Having a caesarean section requires more recovery time for women than vaginal births, but there are a few things you can do to ease the process.
A study published in June 2017 claimed that chewing gum could help aid faster recovery of a woman’s digestive system.
The study, printed in the ‘Journal of Maternal-Fetal & Neonatal Medicine’ found that, out of 3,000 women who had c-sections, those who chewed gum immediately after surgery (three times a day) felt better.
But according to Janet Fyle, the Royal College of Midwives’ professional policy advisor, this isn’t a popular research-backed method that is routinely used in the UK.
She said there are many other options women can try.
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It might seem like the last thing you want to do, but Fyle said the sooner a woman gets up and begins to walk around, the sooner the blood will “kick into action”.
“We gradually get women to get up and eat, to get the bowels and digestive system moving,” she explained.
“After six hours, the woman should be walked around her bed and should sit up in her bed too.”
“The immediate period after a c-section is about comfort and pain relief,” said Fyle.
“This is very important. We can’t let the woman be in pain because if she is in pain she won’t want to move. But if there is pain control, then the woman is more likely to sit up quicker and move around.”
NHS Choices states once you have returned home from the hospital, paracetamol is recommended for mild pain, co-codamol for moderate pain, and a combination of co-codamol and ibuprofen for more severe pain.
“You may also have some vaginal bleeding,” NHS Choices states. “Use sanitary pads rather than tampons to reduce the risk of spreading infection into the vagina.”
“The most important thing we do as midwives is encourage the women to gradually eat and have sips of water,” said Fyle.
“You can eat and drink as soon as you feel hungry or thirsty. This, again, speeds up the process of getting the digestive system functioning properly.”
Helping a mother transition to becoming a parent is important, even if they’re struggling with pain.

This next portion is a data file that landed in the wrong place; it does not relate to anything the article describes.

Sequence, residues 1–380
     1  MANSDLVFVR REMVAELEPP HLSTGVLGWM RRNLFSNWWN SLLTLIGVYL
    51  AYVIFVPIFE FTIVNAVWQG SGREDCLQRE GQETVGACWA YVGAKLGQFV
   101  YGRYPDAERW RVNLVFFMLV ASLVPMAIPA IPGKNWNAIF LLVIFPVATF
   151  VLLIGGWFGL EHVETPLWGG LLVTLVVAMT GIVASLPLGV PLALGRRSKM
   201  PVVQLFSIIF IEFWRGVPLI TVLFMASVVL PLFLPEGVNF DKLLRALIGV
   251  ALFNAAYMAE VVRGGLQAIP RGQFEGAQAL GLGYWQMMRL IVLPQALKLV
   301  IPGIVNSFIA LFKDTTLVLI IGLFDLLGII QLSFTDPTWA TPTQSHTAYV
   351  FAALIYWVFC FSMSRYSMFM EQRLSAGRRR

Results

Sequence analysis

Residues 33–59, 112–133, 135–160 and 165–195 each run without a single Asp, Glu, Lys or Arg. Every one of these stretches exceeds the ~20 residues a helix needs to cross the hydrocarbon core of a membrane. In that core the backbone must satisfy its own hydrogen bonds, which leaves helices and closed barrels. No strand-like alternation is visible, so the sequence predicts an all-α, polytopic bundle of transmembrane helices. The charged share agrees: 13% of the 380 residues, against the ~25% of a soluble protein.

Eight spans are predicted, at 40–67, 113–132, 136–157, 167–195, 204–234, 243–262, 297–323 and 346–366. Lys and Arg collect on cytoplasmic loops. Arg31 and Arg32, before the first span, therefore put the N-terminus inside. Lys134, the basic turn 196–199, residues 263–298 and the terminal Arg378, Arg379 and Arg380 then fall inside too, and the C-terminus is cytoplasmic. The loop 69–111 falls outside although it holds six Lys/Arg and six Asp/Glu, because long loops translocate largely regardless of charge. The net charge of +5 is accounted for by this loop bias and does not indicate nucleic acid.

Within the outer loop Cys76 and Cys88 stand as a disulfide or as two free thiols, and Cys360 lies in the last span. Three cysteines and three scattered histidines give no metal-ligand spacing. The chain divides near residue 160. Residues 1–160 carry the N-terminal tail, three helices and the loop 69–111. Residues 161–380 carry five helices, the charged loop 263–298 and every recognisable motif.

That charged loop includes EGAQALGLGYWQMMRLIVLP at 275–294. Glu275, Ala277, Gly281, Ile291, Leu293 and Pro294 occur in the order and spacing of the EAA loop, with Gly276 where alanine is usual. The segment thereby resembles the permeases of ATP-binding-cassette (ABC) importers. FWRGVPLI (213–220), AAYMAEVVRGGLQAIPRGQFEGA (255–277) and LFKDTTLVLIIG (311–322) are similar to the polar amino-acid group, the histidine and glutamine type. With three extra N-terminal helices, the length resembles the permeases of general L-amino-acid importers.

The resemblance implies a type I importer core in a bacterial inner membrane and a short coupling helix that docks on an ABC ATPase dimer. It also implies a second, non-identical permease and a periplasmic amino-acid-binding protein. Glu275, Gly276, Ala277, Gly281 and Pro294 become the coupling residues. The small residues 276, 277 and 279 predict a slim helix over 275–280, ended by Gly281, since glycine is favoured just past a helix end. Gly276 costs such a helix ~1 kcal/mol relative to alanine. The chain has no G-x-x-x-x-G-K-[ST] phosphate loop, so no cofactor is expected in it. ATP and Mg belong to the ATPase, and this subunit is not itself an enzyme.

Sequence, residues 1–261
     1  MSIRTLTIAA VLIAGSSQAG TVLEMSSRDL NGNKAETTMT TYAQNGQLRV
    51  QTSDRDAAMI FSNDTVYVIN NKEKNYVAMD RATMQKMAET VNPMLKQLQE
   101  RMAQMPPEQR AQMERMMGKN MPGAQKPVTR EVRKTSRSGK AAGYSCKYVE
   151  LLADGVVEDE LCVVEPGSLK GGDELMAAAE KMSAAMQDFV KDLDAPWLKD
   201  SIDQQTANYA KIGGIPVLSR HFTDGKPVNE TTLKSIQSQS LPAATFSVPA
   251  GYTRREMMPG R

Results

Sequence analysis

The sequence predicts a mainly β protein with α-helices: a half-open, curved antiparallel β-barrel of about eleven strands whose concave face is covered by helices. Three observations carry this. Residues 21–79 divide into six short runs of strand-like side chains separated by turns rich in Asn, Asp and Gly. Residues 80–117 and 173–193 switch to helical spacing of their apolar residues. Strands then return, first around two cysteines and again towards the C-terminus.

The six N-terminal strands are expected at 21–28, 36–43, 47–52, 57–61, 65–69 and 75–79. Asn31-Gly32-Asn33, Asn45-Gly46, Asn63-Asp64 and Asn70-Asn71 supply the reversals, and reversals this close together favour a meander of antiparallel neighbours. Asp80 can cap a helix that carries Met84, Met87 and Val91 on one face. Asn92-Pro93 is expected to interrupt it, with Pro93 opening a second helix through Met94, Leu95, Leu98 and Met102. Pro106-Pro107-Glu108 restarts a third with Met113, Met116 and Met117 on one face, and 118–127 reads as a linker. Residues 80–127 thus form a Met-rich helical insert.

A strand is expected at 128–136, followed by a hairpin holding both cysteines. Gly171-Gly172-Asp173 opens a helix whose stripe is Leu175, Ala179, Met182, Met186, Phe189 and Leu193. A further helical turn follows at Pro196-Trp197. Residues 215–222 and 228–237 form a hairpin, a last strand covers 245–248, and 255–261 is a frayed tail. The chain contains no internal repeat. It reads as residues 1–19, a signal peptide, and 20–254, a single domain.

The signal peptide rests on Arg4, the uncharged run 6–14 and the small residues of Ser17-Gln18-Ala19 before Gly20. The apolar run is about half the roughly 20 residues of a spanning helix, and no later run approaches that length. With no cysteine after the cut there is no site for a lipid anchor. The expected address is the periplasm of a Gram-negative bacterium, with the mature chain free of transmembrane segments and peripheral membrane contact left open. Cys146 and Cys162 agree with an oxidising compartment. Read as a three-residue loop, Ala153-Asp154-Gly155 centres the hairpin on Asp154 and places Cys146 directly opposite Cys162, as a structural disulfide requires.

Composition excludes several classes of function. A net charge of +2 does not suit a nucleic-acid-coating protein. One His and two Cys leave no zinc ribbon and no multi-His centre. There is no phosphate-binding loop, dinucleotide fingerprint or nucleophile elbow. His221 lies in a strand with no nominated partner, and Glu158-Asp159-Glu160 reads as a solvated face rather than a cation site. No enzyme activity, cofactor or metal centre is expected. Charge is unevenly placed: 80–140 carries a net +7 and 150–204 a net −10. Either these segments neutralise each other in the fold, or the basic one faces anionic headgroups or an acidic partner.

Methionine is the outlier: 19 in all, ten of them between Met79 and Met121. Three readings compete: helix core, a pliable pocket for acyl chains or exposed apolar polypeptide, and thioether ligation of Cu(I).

“Every woman will need support and reassurance,” said Fyle.
“They need to rest and have a lot of help with the baby while also feeling like they’re involved.”
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NHS Choices advises you should gently clean and dry the wound every day, wear loose clothing and cotton underwear, take painkillers and watch out for signs of infection.
Women usually stay in hospital for three to four days after having a c-section. Once you’ve returned home, you should try to stay mobile.
“Do gentle activities, such as going for a daily walk, while you’re recovering to reduce the risk of blood clots,” NHS Choices states. “Be careful not to over exert yourself.
“You should be able to hold and carry your baby once you get home. But you may not be able to do some activities straight away, such as driving, exercising, carrying anything heavier than your baby or having sex.
“Only start to do these things again when you feel able to do so and don’t find them uncomfortable. This may not be for six weeks.”
If you’re home from the hospital and experiencing symptoms such as severe pain, leaking urine, vaginal bleeding or a swollen wound, make sure you seek medical advice straight away.
If you’re unsure when it’s safe to start returning to your normal activities, ask your GP at your six-week postnatal check.
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